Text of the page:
OPEC+ Declines to Alter Production Quota, Agrees to Small Planned Boost in Oil Production

By Tom Ozimek
Tom Ozimek
Tom Ozimek
Reporter
Tom Ozimek has a broad background in journalism, deposit insurance, marketing and communications, and adult education. The best writing advice he's ever heard is from Roy Peter Clark: 'Hit your target' and 'leave the best for last.'
February 2, 2022 Updated: February 2, 2022

The Organization of Petroleum Exporting Countries (OPEC) and its crude-producing allies, known collectively as OPEC+, have agreed to a modest boost in oil production in line with a previously agreed schedule, a decision that’s likely to support prices that are at near seven-year highs.

At the OPEC and non-OPEC ministerial meeting on Feb. 2, held via videoconference, the cartel and its allies reaffirmed their earlier commitment to continue gradually raising crude production by 400,000 barrels per day each month.

OPEC members led by Saudi Arabia and non-members led by Russia agreed at the meeting to boost crude production by 400,000 barrels per day in March. With the move, OPEC+ is sticking to its earlier commitment of a gradual reversal of deep cuts of 10 million barrels per day produced in 2020, when the pandemic and subsequent lockdowns decimated economies and oil demand tumbled.

As economies rebounded from the pandemic recession and demand came back online, oil prices have climbed, pushing up prices at the pump and contributing to surging inflation, prompting the United States and allies to press OPEC to pump more oil. Those pleas have been rebuffed, however, with the cartel continuing on its planned gradual path of raising output to pre-pandemic levels.

The cartel’s decision to stick to its existing production-quota-raising schedule comes amid continuing Russia–Ukraine tensions, which have sparked fears of disruptions of oil and gas deliveries to Europe at a time of soaring energy costs.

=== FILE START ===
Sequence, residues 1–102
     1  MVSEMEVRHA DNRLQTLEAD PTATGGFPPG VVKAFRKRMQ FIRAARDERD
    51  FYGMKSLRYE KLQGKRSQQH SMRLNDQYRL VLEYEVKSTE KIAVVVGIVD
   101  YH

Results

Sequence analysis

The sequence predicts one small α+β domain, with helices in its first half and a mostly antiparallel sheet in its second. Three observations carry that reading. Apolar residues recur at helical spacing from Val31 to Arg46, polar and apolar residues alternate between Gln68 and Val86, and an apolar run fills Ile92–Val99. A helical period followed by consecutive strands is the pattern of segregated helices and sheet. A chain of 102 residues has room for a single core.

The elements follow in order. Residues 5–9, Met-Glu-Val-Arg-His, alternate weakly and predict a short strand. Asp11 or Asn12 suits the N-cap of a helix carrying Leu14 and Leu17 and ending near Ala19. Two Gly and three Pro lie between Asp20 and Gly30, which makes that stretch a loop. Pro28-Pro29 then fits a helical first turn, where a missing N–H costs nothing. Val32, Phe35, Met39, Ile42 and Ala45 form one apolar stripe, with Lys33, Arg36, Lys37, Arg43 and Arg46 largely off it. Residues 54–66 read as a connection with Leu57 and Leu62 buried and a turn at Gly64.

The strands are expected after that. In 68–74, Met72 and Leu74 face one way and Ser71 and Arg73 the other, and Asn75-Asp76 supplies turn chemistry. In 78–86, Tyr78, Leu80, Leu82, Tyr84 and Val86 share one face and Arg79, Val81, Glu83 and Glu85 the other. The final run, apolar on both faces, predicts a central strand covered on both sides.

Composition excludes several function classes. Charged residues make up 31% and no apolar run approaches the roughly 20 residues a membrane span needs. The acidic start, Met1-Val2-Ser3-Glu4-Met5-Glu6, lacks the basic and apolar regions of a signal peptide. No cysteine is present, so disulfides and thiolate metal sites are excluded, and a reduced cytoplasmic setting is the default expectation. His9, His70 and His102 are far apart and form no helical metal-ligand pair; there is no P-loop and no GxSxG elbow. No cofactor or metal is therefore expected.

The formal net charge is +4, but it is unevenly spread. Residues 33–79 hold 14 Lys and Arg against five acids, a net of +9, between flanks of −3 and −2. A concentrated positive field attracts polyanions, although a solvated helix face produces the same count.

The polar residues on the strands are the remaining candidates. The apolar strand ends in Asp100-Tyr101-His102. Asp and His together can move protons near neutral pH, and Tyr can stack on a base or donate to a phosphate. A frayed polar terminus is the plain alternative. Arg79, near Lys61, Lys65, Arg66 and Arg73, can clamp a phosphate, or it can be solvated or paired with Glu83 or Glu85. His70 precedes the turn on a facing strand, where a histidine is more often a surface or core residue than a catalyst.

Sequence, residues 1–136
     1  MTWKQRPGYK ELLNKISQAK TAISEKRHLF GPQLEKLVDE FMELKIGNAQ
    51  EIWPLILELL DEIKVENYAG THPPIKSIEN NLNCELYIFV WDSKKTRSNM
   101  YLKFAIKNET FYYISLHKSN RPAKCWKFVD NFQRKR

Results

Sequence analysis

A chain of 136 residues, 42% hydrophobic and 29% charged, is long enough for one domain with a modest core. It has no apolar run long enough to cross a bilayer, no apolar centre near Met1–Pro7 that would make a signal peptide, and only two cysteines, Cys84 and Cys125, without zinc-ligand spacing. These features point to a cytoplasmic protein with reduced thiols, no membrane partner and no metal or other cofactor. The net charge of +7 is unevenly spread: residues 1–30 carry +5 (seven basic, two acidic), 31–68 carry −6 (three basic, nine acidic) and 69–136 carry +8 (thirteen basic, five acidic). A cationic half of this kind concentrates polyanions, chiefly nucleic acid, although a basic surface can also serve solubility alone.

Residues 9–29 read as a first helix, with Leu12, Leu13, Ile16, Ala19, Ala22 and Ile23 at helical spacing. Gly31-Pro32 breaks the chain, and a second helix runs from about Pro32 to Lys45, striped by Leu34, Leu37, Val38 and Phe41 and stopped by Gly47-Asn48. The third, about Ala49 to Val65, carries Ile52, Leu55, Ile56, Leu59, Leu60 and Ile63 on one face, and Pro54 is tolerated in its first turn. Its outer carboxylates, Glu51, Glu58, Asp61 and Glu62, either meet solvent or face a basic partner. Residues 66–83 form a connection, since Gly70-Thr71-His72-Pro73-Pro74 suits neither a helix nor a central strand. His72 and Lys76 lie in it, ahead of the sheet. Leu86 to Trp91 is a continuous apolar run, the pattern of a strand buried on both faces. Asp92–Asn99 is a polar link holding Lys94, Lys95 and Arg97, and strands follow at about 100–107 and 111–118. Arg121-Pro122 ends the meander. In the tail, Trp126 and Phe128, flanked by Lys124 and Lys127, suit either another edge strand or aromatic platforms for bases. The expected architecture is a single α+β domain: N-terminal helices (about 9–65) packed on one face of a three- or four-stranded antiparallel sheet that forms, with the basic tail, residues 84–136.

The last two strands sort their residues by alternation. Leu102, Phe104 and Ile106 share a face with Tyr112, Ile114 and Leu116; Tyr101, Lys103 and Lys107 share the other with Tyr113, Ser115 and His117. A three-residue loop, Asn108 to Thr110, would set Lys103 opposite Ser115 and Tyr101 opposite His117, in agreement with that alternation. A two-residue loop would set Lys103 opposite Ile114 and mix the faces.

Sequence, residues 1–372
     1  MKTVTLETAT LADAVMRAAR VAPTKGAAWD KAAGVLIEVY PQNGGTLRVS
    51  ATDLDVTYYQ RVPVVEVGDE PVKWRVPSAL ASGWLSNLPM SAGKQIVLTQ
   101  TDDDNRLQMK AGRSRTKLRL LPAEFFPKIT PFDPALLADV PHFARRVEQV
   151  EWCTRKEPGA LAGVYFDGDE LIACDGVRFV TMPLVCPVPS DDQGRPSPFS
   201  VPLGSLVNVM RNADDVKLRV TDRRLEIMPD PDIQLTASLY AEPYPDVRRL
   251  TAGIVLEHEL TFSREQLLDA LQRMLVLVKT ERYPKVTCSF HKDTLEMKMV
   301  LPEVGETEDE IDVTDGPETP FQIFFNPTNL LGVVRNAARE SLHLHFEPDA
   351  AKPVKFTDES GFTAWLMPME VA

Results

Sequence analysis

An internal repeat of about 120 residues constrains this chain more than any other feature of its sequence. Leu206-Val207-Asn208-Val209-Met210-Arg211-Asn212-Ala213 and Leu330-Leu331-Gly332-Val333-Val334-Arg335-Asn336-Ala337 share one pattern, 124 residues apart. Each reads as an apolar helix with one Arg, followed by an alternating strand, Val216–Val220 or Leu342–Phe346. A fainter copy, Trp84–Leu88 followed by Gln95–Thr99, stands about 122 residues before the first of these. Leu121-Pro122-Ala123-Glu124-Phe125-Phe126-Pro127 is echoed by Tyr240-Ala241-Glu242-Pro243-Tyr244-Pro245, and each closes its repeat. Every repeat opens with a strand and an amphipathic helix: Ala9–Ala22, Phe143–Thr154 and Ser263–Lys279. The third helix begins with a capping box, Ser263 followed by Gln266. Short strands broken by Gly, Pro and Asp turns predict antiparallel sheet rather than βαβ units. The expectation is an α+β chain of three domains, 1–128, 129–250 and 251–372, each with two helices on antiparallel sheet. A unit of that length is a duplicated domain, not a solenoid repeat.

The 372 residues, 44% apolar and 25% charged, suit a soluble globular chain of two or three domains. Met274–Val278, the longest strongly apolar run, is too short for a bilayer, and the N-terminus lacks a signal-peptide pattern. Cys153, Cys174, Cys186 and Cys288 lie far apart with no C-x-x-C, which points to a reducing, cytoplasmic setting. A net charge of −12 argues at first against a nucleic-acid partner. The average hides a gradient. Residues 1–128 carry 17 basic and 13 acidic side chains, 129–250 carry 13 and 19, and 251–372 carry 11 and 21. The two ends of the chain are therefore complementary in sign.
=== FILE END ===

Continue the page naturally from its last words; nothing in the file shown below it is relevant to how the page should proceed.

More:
“The prospect of conflict between Ukraine and Russia has the oil market on edge. In a tight market, any significant disruptions could send prices well above $100 per barrel,” Ben Cahill, senior fellow of energy security and climate change program at the Center for Strategic and International Studies, said in a note.

Oil prices hovered near seven-year highs on Feb. 2, with West Texas Intermediate crude oil futures touching $89.43 per barrel—a seven-year high—before edging down to $87.97 at the time of reporting. Futures contracts for Brent crude, the global benchmark, touched $90.17 before slipping to $88.92 by 12:24 p.m. New York time.

The OPEC+ move to hold fast to its production plan is likely to support oil prices, especially since several members—such as Angola and Nigeria—have been unable to ramp up production due to lagging investment in pumping capacity infrastructure.

“It is official that OPEC is going to stick to the script and raise production by 400,000 barrels a day. Good luck with that,” Phil Flynn, senior market analyst at The PRICE Futures Group, wrote in his latest edition of “The Energy Report.”

Cahill said in his note that markets are concerned that few countries have the spare capacity to absorb shocks, and that “the prospect of supply disruptions—however unlikely—is fueling bullish sentiment.”

A number of analysts have made calls for a $100 per barrel price point for crude given the tight market and geopolitical tensions. While the budgets of OPEC+ members benefit from higher crude prices, they also have a stake in stable price developments, as surging prices could erode demand from transportation and industry.

Tom Ozimek
Reporter
Tom Ozimek has a broad background in journalism, deposit insurance, marketing and communications, and adult education. The best writing advice he's ever heard is from Roy Peter Clark: 'Hit your target' and 'leave the best for last.'